Fallen Into the Pit
Baker & Taylor
Sergeant George Felse and his son Dominic investigate the murder of a hated Nazi worker in their English village shortly after World War II, leading to another tragedy and a grave threat to Dominic's life
Blackwell North Amer
Best known in America for her brilliantly imagined twelfth-century Benedictine monk/detective, Brother Cadfael, Ellis Peters has also enthralled fans on both sides of the Atlantic with her superbly constructed stories featuring British police detective George Felse. Inspector Felse first appeared in what has since been called a classic of the genre, Fallen Into the Pit. Never before available in the United States, this multilayered, most ingenious whodunit is long-awaited and, as mystery fans will soon discover, well worth waiting for.
"Understand me once and for all, fighting is something not to be considered short of a life-and-death matter... It proves nothing. It solves nothing," Chad Wedderburn tells thirteen-year-old Dominic Felse. A classics master who fought with the Resistance, Wedderburn came home to Comerford to teach school. Ironically, when the peace of the little village is shattered by the murder of a former German prisoner of war, it is the peaceful Wedderburn who becomes the primary suspect.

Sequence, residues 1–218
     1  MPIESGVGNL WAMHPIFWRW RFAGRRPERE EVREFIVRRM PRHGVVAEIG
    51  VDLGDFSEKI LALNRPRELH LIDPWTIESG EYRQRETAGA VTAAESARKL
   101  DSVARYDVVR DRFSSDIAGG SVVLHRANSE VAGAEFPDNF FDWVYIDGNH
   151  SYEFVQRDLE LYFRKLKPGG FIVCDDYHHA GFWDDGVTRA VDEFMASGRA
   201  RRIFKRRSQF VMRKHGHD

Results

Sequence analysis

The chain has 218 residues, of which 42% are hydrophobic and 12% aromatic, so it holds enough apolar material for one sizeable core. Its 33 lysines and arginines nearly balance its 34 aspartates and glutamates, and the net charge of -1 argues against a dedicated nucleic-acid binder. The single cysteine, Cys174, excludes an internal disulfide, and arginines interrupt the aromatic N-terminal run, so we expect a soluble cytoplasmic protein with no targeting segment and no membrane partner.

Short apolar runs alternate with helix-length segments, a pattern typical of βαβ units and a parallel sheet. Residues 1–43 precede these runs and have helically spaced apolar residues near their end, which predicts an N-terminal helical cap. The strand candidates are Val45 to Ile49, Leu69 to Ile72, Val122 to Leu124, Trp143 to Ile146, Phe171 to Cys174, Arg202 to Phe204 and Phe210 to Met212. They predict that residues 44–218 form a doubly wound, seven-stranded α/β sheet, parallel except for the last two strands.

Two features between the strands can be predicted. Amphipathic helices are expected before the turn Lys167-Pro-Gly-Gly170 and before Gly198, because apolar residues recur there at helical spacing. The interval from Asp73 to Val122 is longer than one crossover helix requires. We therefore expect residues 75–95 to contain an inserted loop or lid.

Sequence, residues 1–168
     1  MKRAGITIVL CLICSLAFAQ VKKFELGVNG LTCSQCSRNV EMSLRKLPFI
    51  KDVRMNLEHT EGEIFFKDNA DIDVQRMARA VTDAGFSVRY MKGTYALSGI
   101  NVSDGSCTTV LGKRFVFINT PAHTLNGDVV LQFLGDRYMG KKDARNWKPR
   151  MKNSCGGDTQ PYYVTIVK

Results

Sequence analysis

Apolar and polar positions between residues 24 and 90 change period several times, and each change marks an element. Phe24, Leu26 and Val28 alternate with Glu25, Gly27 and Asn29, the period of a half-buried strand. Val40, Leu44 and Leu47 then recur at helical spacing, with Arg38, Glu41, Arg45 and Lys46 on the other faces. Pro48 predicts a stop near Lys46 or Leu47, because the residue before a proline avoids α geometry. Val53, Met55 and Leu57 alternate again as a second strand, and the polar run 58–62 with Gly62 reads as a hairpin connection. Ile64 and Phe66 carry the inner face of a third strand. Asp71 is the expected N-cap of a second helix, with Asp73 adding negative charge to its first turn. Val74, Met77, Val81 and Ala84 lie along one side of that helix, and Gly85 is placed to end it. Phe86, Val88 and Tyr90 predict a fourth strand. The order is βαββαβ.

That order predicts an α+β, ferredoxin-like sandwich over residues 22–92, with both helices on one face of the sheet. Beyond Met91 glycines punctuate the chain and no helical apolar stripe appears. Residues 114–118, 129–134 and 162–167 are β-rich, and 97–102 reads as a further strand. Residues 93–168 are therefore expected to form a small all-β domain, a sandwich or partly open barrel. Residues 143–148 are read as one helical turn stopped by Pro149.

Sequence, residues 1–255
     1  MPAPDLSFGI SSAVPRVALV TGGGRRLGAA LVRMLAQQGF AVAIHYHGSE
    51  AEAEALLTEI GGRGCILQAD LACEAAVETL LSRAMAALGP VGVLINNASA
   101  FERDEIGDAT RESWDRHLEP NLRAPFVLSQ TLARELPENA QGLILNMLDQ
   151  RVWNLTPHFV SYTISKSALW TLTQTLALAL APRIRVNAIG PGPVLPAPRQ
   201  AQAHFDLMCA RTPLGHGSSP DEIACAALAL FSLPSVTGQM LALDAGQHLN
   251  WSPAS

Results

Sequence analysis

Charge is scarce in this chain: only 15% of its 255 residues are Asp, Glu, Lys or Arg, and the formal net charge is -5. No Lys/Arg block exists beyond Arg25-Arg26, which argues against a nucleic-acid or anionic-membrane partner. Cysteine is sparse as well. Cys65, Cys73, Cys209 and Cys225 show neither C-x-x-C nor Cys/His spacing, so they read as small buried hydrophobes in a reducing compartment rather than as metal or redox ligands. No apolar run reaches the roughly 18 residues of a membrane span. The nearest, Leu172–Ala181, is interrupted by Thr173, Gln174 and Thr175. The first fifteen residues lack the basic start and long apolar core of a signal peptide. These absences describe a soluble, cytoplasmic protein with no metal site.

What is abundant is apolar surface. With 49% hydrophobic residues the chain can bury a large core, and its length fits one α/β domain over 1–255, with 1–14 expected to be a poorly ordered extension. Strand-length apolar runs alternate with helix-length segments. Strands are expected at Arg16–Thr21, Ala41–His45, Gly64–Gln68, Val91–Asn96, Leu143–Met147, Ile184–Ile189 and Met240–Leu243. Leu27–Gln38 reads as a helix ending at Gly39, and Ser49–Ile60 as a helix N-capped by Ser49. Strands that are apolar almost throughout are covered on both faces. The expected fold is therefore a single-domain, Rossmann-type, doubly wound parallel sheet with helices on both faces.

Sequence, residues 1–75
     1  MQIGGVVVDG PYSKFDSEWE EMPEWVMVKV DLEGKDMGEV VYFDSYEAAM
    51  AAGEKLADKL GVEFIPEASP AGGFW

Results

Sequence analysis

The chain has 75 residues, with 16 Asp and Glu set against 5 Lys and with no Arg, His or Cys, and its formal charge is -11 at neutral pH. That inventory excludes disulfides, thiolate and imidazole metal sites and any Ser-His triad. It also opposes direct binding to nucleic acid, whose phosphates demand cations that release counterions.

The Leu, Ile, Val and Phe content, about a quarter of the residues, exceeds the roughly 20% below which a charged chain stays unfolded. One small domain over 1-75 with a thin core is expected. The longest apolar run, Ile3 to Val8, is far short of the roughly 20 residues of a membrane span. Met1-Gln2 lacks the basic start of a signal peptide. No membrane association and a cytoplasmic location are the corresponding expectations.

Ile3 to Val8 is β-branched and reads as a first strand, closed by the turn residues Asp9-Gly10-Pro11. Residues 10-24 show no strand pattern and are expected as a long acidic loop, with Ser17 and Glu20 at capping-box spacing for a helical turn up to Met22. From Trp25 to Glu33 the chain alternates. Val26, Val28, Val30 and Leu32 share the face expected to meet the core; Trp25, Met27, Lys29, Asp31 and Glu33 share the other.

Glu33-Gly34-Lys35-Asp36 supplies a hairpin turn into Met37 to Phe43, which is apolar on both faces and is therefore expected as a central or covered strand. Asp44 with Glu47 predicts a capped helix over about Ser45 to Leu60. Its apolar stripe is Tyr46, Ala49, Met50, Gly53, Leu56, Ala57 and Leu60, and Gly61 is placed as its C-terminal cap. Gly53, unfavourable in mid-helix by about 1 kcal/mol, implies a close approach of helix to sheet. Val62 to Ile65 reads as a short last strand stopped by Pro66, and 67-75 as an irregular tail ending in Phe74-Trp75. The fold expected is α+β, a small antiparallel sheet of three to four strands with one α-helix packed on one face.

Police Sergeant George Felse is deeply disturbed that his son Dominic is the one who discovers the body, and that the boy has begun doggedly pursuing clues in Comerford's isolated countryside. Murder is a deadly business, and the closer young Felse comes to the truth, the more likely he is to become a victim himself. His father knows this all too well, and for the first time in his career his personal life is threatened by his policeman's duties.
Now, as George Felse uncovers the skeletons in the closets of Comerford's best citizens, he begins to understand the forces that may drive men or women to desperate acts. But will he deduce enough to forestall another tragedy - or stop a killer with a twisted mind and bloody plans?
Rich with the hues of the Shropshire countryside and its vividly drawn character portraits, this irresistibly suspenseful mystery is still further reason to place Ellis Peters alongside Agatha Christie, Dorothy Sayers, and P. D. James as a true Grande Dame of British detection.
Sergeant George Felse and his son Dominic investigate the murder of a hated Nazi worker in their English village shortly after World War II, leading to another tragedy and a grave threat to Dominic's life. 35,000 first printing.
Warner Books, 1951
p. ; cm